The boundary between middle age and being an old man is increasingly fluid, but I figure I’m officially a geezer. Today I turn sixty. Which means I can’t realistically call myself middle age anymore. So geezer works, except it’s no big deal to be in your sixties these days. And since most of us will live into our eighties and maybe beyond, it’s hard to say you are old when you still have a lot of life ahead of you.
Unquestionably though most of my life is now behind me. Probably at least two thirds of it is in the past. From the perspective of being sixty, aging is a weird thing. Aging simultaneously feels both very fast and incredibly slow. The past reveals itself in brief snippets of memories but mostly it slipped by as a continuous stream that unfolded so fast you could not concentrate on its unfolding. Until I retired at age 57, most of life was like being on a treadmill. This is not necessarily bad. Living an engaged life keeps you from too much distraction or pondering things like your own mortality. For most of us, life is bountiful, not necessarily with happiness but certainly with events that we must surmount. Along the way we learn plenty of lessons. If we are smart and have the time, we focus on the lessons so we are unlikely to repeat them.
Much of my life has been really interesting. If forced to pick an optimal time to enter the world, 1957 would be about right. It has been sixty years of great change, great sorrow and awesome events. The other day my wife and I went to see Hidden Figures, the story of some amazing black women who were instrumental in the success of the American space program. The climax of the movie is John Glenn’s first flight in 1962, a successful but abbreviated three-orbit journey around the world, the first for an American. It’s one of my earliest memories. I was age five at the time and was watching the launch on TV with my mother and probably some siblings in Scotia, New York. I believe she was ironing through it.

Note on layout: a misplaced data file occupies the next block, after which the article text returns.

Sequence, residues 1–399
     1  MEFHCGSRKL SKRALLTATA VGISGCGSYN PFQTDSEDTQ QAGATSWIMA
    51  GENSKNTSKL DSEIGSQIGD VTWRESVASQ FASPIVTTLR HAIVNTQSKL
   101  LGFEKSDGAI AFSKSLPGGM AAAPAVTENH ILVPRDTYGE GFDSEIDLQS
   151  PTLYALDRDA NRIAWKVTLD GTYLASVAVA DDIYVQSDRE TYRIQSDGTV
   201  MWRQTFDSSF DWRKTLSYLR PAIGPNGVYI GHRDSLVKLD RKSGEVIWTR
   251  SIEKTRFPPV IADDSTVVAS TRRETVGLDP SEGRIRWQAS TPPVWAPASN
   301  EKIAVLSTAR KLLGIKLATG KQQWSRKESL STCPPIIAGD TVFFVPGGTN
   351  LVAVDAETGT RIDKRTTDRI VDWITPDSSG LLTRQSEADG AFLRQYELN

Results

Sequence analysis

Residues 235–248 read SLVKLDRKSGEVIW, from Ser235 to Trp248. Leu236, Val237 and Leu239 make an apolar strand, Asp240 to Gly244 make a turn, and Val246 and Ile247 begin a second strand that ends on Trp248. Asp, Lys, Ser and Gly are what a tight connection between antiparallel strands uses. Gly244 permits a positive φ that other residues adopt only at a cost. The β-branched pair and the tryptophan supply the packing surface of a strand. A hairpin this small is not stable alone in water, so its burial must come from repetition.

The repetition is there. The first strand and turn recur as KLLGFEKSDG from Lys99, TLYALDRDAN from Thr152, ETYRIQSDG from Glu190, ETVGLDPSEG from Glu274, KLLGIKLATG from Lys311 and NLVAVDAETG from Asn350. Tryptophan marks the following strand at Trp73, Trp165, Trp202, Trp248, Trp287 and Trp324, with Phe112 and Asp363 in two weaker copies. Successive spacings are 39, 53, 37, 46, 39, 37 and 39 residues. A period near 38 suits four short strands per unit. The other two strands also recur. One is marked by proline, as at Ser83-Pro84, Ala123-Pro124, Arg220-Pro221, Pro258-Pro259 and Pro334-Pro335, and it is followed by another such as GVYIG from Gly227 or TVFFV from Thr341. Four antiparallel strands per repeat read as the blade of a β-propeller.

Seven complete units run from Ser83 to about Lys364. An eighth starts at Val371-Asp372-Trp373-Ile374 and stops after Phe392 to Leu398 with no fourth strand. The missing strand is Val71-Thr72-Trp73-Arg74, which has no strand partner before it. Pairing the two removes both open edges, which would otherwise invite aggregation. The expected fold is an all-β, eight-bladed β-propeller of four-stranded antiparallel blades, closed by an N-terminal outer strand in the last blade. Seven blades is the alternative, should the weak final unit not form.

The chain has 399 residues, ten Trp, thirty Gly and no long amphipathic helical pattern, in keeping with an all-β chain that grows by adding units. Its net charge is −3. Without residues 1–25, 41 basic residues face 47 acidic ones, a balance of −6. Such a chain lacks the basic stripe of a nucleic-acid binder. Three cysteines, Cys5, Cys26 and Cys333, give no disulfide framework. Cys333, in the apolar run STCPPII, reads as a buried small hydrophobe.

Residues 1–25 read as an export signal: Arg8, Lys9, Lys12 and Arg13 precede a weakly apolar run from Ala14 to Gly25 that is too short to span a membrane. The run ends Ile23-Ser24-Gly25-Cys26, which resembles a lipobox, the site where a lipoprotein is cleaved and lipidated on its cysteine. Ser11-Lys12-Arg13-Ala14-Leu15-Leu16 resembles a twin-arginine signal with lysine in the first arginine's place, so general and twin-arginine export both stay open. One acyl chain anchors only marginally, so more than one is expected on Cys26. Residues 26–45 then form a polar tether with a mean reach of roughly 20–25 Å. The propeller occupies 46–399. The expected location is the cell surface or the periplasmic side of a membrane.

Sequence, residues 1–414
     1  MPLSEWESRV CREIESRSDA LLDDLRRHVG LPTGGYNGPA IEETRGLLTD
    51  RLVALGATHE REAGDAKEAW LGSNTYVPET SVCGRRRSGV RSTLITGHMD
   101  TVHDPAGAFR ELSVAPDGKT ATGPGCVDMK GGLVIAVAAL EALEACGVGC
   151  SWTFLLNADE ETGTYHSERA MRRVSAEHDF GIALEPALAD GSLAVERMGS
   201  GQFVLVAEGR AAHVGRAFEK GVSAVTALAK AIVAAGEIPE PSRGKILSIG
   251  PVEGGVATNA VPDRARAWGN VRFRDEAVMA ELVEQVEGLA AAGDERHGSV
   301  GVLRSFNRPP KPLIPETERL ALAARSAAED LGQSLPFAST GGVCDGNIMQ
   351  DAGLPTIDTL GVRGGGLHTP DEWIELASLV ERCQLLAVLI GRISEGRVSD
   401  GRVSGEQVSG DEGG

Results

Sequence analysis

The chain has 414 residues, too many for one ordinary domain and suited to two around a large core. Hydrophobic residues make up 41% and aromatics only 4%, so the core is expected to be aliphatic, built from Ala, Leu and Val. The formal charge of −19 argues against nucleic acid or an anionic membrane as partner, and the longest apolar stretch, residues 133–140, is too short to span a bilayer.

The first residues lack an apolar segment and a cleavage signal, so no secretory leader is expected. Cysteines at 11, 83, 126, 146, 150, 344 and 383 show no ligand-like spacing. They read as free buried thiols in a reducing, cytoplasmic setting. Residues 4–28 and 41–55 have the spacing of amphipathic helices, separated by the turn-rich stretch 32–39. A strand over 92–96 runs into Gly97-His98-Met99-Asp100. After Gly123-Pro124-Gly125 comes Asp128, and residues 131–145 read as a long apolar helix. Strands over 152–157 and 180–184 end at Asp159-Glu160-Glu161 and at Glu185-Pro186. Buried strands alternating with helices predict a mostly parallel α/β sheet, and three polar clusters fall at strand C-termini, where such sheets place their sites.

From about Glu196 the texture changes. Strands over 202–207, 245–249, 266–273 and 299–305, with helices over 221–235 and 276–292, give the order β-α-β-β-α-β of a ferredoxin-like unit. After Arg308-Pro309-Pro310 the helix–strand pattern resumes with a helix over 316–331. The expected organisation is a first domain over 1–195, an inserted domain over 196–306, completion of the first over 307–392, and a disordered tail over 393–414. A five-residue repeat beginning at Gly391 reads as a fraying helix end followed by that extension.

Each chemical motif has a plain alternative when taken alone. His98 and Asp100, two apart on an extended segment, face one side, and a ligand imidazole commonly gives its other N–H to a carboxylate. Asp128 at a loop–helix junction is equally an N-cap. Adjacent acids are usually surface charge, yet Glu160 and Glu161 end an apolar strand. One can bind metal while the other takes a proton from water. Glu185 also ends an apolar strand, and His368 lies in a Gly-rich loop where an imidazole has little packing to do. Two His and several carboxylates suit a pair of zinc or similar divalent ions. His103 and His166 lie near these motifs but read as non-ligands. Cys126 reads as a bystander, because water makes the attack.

Glenn was one of many luminaries that died in 2016. But I remember that day, as well as the first moon landing and many spaceflights before an after it. I remember coming of age during the civil unrest of the 1960s and the protests during the Vietnam War. I remember being outdoors clapping erasers when I learned of John F. Kennedy’s assassination and the moment at work when I heard that the space shuttle Challenger had exploded. I remember being caught in downtown D.C. on 9/11, smoke from the Pentagon rising against an otherwise deep blue western sky and a long trip home.
I remember punching cards to program a computer, the pre-Internet age when exploring cyberspace meant using a 1200-baud modem to dial into local electronic bulletin boards. I rode the crest of the information technology revolution into a successful career. I watched countless technologies rise and fall as we tried to perfect this Internet thing. I remember when using a web browser meant using Mosaic and using a PC meant typing commands from a DOS prompt.
Not bad for the first sixty years of life. Moreover, I never had to serve in any wars because I was never drafted, although I did have to register with the Selective Service. Life has been sometimes harsh, but in my case it was more kind than harsh. I was fortunate in many of life’s toughest decisions. Moving as a young adult to the Washington D.C. area proved very valuable for feeding a career and building wealth. We generally bought and sold houses at the ideal time. Stocks recovered just in time (thanks Obama!) for me to retire with some wealth in 2014. After a couple of years of reshuffling our lives we’ve retired, relocated and are primed to enjoy the geezer years right.
Things do change with age, and sometimes for the better. The impetuousness of youth is gone. The ability to savor life seems enhanced. The body doesn’t work quite the way it used to, but after six decades you would not expect it to. There is much to look forward to in this last stage of life. Research says this is the best time of life. So far I agree. I’ll really celebrate my birthday in March with a London theater tour. Waking up every day with the ability to do what I want and in financial security is a great blessing.
So I begin my seventh decade acknowledging that I am officially a geezer. I am doing my best to enjoy this time of life in the midst of national and international upheaval. Hope I can keep it going. I’m reminded of the words of the poet Robert Browning:
Grow old along with me!
The best is yet to be,
the last of life,
for which the first was made.
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